Gastroesophogeal reflux is common in infants. It can be a major cause of crying, poor feeding, and sleep problems.
There are two types of reflux:
GER: Gastroesophogeal Reflux
GERD: Gastroesophogeal Reflux Disease
Here’s the difference:
GER refers to normal spitting up that all babies do. The stomach contents flow up into the esophogus and out in the form of “spit up”. Every new parent walks around with it on their shirt, in their hair, and smells it on their sheets as they fall asleep. It’s everywhere for the first few months of your life with the new bub. Totally normal. This kind of reflux is caused by an immature LES (lower esophogeal sphincter) that gradually gets stronger as baby grows. Therefore, the older the baby, the less he should be spitting up. GER is nothing to be concerned about, and shouldn’t interfere with baby’s overall contentment. Sure, they may fuss before a burp and then feel ahhh, relief upon getting it out, but all of that is just feeding related and totally normal.
GERD, on the other hand, is a more serious form of GER that requires a diagnosis by your pediatrician or specialist. It is basically GER that lasts too long or becomes more severe than just normal spitting up. If your kid has it, you might know, but you might not. You will most likely be pacing around and have moments of wanting to flee the home after trying to calm your fussy baby for hours. (remember, there is help for those times….email us for info). GERD can be extremely uncomfortable for a newbie. The fluid that regurgitates up through the esophogus is highly acidic and burns. Here’s what makes it hard to diagnose though: babies with GERD do not always spit up. The stomach juices may make it all the way up into the throat but then bubble back down again. Ouch. This is called silent reflux. Hence, a crying baby who can’t even give mom and dad a visible sign of what’s wrong.
How can you tell if your baby has GERD?
Here are some clues that you might have a refluxy baby on your hands:
- Long periods of crying
- Throwing up a lot
- Persistent cough
- Difficulty eating/ crying with feeding
- Excessive gas
What can you do to manage reflux?
Feed your baby upright or at an angle
A bouncy seat or car seat works well for infants not yet able to sit up. You can also prop up pillows under your arm while holding baby to achieve this angle. Gravity works to keep the fluid down. Keep baby upright for at least 30 minutes after feeds to assist with digestion.
Feed baby small amounts
There’s nothing worse for reflux than an oversized feeding. Think mini-meals: stick with small, frequent feedings throughout the day. If that means breastfeeding every 2 hours rather than 3, it’s worth doing.
Breastmilk really is best, especially for a baby with reflux. This is due to the enhanced digestibility of the proteins in human milk vs. cows milk. The intestinal flora of babies exclusively fed breastmilk is different from that of formula fed babies. To read more about this: http://drjaygordon.com/pediatricks/startingout/supplement.html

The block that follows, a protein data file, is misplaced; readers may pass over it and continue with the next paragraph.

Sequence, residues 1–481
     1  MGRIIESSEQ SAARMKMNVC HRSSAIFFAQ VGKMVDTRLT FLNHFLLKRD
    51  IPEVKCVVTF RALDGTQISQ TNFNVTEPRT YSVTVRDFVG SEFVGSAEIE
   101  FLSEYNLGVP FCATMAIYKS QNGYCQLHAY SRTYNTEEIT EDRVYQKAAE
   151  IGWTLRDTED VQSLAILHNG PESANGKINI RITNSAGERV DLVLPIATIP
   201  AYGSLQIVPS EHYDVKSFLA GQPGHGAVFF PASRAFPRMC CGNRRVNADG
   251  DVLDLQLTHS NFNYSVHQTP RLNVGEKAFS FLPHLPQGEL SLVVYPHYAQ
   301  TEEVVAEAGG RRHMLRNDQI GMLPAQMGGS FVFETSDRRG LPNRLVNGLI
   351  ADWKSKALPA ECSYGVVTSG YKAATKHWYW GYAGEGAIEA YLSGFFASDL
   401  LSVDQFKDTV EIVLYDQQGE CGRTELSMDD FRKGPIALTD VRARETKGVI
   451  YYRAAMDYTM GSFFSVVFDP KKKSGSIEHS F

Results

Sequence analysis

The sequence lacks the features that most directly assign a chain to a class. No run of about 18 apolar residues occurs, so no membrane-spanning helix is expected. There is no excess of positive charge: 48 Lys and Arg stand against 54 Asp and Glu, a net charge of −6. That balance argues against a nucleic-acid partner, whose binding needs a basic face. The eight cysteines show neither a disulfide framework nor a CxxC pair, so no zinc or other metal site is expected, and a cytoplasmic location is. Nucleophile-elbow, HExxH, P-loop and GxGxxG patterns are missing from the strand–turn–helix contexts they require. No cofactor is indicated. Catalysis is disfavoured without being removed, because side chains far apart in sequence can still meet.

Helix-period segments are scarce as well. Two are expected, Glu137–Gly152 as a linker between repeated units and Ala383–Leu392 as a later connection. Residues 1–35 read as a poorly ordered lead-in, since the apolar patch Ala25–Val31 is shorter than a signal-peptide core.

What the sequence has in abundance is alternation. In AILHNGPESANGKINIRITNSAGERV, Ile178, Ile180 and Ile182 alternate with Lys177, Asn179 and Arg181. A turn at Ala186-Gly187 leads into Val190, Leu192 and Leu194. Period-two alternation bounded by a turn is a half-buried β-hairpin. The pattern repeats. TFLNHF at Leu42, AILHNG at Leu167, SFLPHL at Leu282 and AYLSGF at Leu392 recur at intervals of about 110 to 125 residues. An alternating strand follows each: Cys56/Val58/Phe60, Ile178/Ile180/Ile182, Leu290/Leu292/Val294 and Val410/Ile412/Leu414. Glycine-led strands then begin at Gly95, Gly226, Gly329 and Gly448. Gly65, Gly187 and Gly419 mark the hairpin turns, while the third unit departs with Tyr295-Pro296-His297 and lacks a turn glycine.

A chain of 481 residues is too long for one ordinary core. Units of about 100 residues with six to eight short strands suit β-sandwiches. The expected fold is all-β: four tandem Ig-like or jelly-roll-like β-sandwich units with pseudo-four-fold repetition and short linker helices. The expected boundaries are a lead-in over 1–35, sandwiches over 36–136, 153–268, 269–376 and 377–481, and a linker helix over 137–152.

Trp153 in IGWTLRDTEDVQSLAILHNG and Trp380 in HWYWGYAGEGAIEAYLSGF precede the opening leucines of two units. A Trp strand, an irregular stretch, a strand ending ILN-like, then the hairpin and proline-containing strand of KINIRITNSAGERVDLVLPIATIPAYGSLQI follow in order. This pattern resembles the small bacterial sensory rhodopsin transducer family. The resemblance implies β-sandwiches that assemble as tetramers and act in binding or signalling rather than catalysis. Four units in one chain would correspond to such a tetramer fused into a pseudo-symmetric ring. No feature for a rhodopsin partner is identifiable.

Massage your baby
How does it work? One: it relaxes baby. Reflux is tied in with the stress response from the sympathetic nervous system, which involves a whole lot of cortisol swimming around. Massage helps to lower the stress response and coritsol production and thereby reduces reflux. Two: it stimulates the vagus nerve, which controls respiration and digestion. The vagus nerve is interconnected with muscles around the esophogeal sphincter and the theory is that when the nerve is stimulated, these muscles contract better and keep stomach contents where they belong.
Eliminate offending foods
If you’re breastfeeding, your diet may be irritating baby’s gut…. but it’s hard to know until you begin eliminating things.
What are the most common offenders?
The jury is still out on whether probiotics help improve digestive function, but many hospitals are administering them to premature babies at risk for gastrointestinal infections. Some studies have shown a positive affect among colicky babies, so it seems like they are worth a try.
Aloe Vera juice
Aloe vera works by coating and soothing the digestive tract. It’s often recommend to adults with reflux, and can similarly benefit infants in smaller doses. Be sure to check with your primary care provider or naturopath before administering any medicine or supplements.
Your pediatrician may prescribe a proton pump inhibitor for your baby’s reflux if other interventions aren’t working that well. These meds should be a last resort to consider only when the reflux is severe and literally nothing else is helping. Why? They have side effects, they aren’t necessarily that safe, and they don’t work that well. The University of Michigan recently release an article on the overmedication of infants with reflux. They explain how reflux is a common condition that most infants outgrow and doesn’t necessarily need pharmaceutical intervention.